Cape May, New Jersey

We took our first family vacation, just the four of us without extended family. On a friend’s recommendation, we went to Wildwoods and Cape May, New Jersey. It was still the off season so our hotel was about a quarter the price it will be in a month and there are deals on shopping and activities. We did have to deal with off-season Spring weather. One day it rained so long and hard there was significant street flooding. It got a little dicey in our car trying to find the pancake restaurant. The next day, however, it was high 60s and sunny.

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Wallowa County, Oregon

This should have been the first post on Baobabs, Pagodas, and the Taj Mahal. But much like Crater Lake and the Redwoods, I took my childhood haunt for granted for far too long. My silence on the matter has never been for lack of love. When I feel homesickness, it is often for Wallowa County. For riding bikes and dipping my feet in the lake’s frigid waters. So deep is my connection to this land that I did not realize that I never created a post about it until a few months ago. So when my son and I visited my family in Oregon this summer I made a point to take pictures of my favorite place: Wallowa County, Oregon. Continue reading “Wallowa County, Oregon”

A Virginia Spring

Spring has come to Northern Virginia and with it are some big changes for my little family. We bought our first house! It is a quaint 1940s Cape Cod with white stucco and a front porch located in the elegantly green Shenandoah Valley. My heart may be forever on the West Coast, but I couldn’t ask for a better place to spend the young childhood summers of my son’s life. Continue reading “A Virginia Spring”

Acadia National Park

Acadia National Park is beautiful. There really isn’t much else I can say on the matter. We stayed there only briefly. Long enough to enjoy the views, take a picture of a bridge, and play on the beach near a recent boat-wreck that was washing to shore. Nothing I can say will do it justice except to tell you to go. Go now. Go in the fall for the leaves. Go in the summer for the sun. Just go. You will be inspired. Continue reading “Acadia National Park”

New England

OLYMPUS DIGITAL CAMERAFall is here and with it comes a childhood dream: New England Foliage. The first time I expressed my desire to drive around New England in the fall, my husband declared me crazy. But over the three years we have been together, the theme has cropped up again and again. My Aunts, my grandmother, my cousins, extra-extended family, etc. all praising the beauty of a northeastern falls that they have seen or stating their dreams of seeing them someday. This ledmy husband to change his stance and declare my entire family crazy instead. Apparently, I am not to blame for my strange travel dreams as they were engrained into me by my kin. Continue reading “New England”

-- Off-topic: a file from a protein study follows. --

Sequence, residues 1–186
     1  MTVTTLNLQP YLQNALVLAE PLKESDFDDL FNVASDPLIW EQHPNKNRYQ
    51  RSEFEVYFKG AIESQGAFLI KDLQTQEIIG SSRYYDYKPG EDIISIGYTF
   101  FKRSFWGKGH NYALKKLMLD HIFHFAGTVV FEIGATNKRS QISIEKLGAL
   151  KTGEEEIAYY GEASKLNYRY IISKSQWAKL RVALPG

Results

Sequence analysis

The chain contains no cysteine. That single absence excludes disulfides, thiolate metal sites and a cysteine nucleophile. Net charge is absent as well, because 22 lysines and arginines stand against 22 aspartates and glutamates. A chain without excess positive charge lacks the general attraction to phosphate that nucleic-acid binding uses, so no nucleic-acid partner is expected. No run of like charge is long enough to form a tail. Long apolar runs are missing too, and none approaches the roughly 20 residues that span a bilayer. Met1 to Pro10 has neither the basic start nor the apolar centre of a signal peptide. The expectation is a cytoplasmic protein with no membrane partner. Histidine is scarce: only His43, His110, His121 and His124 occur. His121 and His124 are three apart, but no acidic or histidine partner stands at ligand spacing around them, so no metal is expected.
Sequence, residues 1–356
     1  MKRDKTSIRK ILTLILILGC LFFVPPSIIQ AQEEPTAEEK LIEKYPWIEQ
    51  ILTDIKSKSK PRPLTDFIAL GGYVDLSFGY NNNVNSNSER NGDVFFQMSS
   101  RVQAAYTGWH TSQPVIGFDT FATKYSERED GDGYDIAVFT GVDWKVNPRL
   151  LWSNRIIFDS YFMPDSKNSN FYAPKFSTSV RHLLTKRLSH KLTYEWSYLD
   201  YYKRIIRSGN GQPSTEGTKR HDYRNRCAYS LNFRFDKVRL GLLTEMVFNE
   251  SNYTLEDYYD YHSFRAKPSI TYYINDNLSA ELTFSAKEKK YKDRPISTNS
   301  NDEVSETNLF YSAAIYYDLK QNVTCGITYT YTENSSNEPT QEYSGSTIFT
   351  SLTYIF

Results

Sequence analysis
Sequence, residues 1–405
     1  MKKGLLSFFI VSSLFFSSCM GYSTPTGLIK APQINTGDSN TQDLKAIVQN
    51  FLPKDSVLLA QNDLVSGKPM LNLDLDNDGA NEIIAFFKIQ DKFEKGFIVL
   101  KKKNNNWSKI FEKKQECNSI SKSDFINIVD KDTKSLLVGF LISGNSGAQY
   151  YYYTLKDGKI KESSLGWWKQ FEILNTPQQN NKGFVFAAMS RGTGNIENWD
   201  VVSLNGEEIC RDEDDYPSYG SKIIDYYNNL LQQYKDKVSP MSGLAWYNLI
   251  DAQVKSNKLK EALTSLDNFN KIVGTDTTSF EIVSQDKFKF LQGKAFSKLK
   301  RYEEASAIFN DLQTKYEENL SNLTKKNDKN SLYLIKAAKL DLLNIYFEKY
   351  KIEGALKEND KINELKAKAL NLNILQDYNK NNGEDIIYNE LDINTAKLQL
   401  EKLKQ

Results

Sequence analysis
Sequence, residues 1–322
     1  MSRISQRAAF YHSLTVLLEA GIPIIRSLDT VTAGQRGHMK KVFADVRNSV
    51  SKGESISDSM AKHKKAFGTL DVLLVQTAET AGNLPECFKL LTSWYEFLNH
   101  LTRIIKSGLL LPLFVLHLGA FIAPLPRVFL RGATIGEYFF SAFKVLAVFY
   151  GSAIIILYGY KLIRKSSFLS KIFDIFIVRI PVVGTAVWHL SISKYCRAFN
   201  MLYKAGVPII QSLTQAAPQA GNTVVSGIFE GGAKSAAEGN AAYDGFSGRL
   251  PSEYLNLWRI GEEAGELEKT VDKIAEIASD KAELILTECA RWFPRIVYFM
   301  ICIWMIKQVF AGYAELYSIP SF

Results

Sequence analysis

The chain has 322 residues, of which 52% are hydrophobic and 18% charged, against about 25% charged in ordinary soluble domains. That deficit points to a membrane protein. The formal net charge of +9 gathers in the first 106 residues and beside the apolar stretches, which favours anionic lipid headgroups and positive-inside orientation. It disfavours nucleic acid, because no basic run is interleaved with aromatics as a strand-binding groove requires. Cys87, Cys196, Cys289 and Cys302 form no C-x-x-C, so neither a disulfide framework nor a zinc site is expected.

The Outer Banks


IMG_3438I am good at being alone. Equally so in a crowded room as an open field at dusk. I am good at silence because it is never really silent. Not when you open yourself to the sounds of the vibrating bass the wind thrusts and pounds against your ears or the rustling and pushing of the grass like a crowd moving together and against each other. And I am good at noise. The screeching, clanking, swishing, humming, drumming of modern reality. It is music.

I am comfortable with my own thoughts. I chuckle audibly at jokes in my head, to the scathing, judgmental stares of others. Yet, I can easily navigate a gathering of diverse conversationalists. Admittedly, empathy makes the crowd easier than the singular mind because I am less forgiving of myself. Continue reading “The Outer Banks”

The Blue Ridge Mountains

This is a sequel to theBlack Bear (1) post Shenandoah National Park. I felt the need to broaden my scope of the area considering that the Blue Ridge Mountains are practically out our back-door.

We frequently take day-drives over the mountains on weekends, and every once in a while we stop and spend the night. Fall is the most beautiful time to go. It is still warm enough to sport a light jacket, the leaves are incredible orange hues, and the black bears are easier to spot as the climb up and down the Shenandoah trees.

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